Kavanagh’s writing is very accessible, his memoir is timeless, the journey is powerful. As he says in the foreward he allows us a glimpse at the healing laughter below the surface, from Butlins to Switzerland, the Korean War to love in the most unusual of places. He makes us laugh, and cry, with such simple but poetic prose. He describes characters by the way they made him feel rather than their physical characteristics, this works well, I could see them clearly thanks to the way Kavanagh so early on shares his inner most thoughts of himself and the people in his world.
If you love memoirs, especially ones about great literary artists of our time then ‘’My Father’s Places: A portrait of childhood by Dylan Thomas’ daughter’’ by Aeronwy Thomas, is a highly recommended good read.
Buy It On AMAZON
Why Be Happy When You Could Be Normal?
by Jeanette Winterson
In 1985 Jeanette Winterson brought us solid gold with ‘Oranges are not the Only Fruit’, a cocktail of fiction and real life experiences. If you are a fan of this incredibly brave and remarkably strong lady you will not be disappointed with ‘Why Be Happy When You Could Be Normal?’ Unlike ‘Oranges’ it strips Winterson’s life right down to the bare bones.
We follow Winterson’s journey of self-discovery as she battles against all the odds, trapped within the confines of her adopted family life. A life of physical and psychological abuse. Here she battles with her own identity, coming to terms with her sexuality and her ever increasing desire to find her birth mother. Winterson is able to amuse us with anecdotes of her adopted mother, a bible bashing, god fearing, good living woman. As a mere observer, as emotionally attached as we may become, we cannot help but laugh out loud at some of the behaviour of the woman, even though it would have impacted greatly on Jeanette as a vulnerable child. For Mrs Winterson Marks & Spencer is where the Jews who killed Christ resided, Woolworths was a den of vice and on passing a funeral parlour announced that it shared an oven with the pie shop next door. Winterson allows us to laugh at these things as she gives us more insight into her life and mother, offering us a little light relief from the intensity and emotion of an otherwise harrowing journey.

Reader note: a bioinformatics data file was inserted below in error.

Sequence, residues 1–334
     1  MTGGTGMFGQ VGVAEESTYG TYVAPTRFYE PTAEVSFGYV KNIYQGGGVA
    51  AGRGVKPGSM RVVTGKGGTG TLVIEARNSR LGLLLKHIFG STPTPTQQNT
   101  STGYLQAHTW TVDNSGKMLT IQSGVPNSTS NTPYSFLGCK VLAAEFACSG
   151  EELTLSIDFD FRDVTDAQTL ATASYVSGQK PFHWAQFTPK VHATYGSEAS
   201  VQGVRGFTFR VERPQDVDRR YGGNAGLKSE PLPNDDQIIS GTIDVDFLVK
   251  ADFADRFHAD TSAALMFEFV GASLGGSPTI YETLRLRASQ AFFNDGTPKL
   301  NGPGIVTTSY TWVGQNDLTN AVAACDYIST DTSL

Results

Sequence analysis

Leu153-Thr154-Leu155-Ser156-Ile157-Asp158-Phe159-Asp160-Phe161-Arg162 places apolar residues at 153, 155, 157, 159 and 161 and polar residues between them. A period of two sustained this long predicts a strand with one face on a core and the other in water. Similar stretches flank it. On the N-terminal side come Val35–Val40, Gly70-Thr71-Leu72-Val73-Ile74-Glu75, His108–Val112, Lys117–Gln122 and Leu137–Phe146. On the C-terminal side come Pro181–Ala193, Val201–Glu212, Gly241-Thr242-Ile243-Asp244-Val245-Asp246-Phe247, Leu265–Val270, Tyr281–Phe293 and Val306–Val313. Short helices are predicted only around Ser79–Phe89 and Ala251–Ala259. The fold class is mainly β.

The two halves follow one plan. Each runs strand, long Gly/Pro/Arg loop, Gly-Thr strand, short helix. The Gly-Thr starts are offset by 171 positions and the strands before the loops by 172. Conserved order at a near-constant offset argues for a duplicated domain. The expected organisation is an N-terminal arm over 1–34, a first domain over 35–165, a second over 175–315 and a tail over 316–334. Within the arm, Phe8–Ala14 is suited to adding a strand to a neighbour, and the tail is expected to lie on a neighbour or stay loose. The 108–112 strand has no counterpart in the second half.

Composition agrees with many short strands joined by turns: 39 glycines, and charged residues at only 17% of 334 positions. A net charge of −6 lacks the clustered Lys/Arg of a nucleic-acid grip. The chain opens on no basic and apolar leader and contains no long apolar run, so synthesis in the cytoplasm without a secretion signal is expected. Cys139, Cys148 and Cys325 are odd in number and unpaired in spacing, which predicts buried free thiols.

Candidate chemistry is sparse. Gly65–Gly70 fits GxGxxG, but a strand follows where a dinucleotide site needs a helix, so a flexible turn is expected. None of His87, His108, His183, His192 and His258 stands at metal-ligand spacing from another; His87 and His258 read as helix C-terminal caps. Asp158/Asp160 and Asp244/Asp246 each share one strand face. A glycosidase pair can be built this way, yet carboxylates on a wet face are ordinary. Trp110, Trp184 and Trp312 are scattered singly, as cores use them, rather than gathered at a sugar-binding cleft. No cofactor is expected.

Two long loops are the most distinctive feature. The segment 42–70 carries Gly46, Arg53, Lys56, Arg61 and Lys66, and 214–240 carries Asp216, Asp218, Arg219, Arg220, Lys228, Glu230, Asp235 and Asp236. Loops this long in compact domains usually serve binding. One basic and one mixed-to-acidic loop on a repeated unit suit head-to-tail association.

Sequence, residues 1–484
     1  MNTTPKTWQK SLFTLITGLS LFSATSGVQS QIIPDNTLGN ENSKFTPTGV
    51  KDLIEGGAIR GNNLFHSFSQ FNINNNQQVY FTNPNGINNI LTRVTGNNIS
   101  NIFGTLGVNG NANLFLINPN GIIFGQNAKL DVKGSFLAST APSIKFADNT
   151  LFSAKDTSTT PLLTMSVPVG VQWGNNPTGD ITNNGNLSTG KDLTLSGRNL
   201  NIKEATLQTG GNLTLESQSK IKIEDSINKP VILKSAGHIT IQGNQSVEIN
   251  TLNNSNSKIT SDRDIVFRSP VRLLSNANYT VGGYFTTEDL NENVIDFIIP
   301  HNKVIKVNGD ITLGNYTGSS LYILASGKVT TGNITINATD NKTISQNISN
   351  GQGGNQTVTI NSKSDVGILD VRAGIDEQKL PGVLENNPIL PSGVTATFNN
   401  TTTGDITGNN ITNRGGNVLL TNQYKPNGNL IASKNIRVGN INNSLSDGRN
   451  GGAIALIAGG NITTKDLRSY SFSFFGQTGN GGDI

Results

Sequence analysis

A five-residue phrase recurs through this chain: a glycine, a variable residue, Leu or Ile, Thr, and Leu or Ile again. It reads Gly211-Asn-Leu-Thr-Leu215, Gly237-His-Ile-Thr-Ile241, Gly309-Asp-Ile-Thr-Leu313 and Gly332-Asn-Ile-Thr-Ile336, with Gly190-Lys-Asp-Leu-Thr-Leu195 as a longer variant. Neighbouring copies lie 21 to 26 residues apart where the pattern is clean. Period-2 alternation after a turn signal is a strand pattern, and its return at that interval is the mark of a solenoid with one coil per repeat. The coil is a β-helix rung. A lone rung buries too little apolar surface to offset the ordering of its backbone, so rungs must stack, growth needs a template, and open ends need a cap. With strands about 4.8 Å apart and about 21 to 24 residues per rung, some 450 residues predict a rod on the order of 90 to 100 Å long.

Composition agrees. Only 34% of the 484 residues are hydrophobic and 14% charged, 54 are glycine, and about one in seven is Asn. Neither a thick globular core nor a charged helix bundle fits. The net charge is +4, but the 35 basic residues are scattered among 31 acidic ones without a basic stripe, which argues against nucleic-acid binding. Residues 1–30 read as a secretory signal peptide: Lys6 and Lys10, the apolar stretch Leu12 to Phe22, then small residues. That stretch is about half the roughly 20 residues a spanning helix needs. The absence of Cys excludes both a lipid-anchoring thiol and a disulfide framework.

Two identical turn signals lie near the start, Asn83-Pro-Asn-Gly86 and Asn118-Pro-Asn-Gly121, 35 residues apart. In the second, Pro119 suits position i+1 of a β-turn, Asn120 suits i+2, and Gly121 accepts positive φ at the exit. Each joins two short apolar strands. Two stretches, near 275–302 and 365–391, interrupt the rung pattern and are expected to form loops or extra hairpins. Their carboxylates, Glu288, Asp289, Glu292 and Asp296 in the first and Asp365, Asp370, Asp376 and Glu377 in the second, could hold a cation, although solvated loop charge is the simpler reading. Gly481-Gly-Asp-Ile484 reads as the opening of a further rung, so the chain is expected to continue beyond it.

As a writer Winterson builds up our trust, allowing us to connect and sympathise, joining her fight along with her in the hope of a resolution, and she bravely exposes her inner most thoughts to enable this to happen. We witness her coming of age as she comes to terms with her sexuality in an environment of revulsion at the possibilities that she may well be a lesbian. But it’s ok, an exorcism should soon sort that one out. This is harrowing to consider anyone has been through anything like this, but Winterson encourages us to cheer her on as she shows us her dogged determination to escape this life of imposed ”normality”. in her quest for happiness instead.
I particularly enjoyed the abundance of literary references throughout the book and will, therefore, offer up two of my own. If you are a fan of literature that entertains with tales of the Authors’ misery and squalor of their childhoods look no further than, ‘Angela’s Ashes’, Frank McCourt (1996) and ‘Once in a House on Fire’, Andrea Ashworth (1998).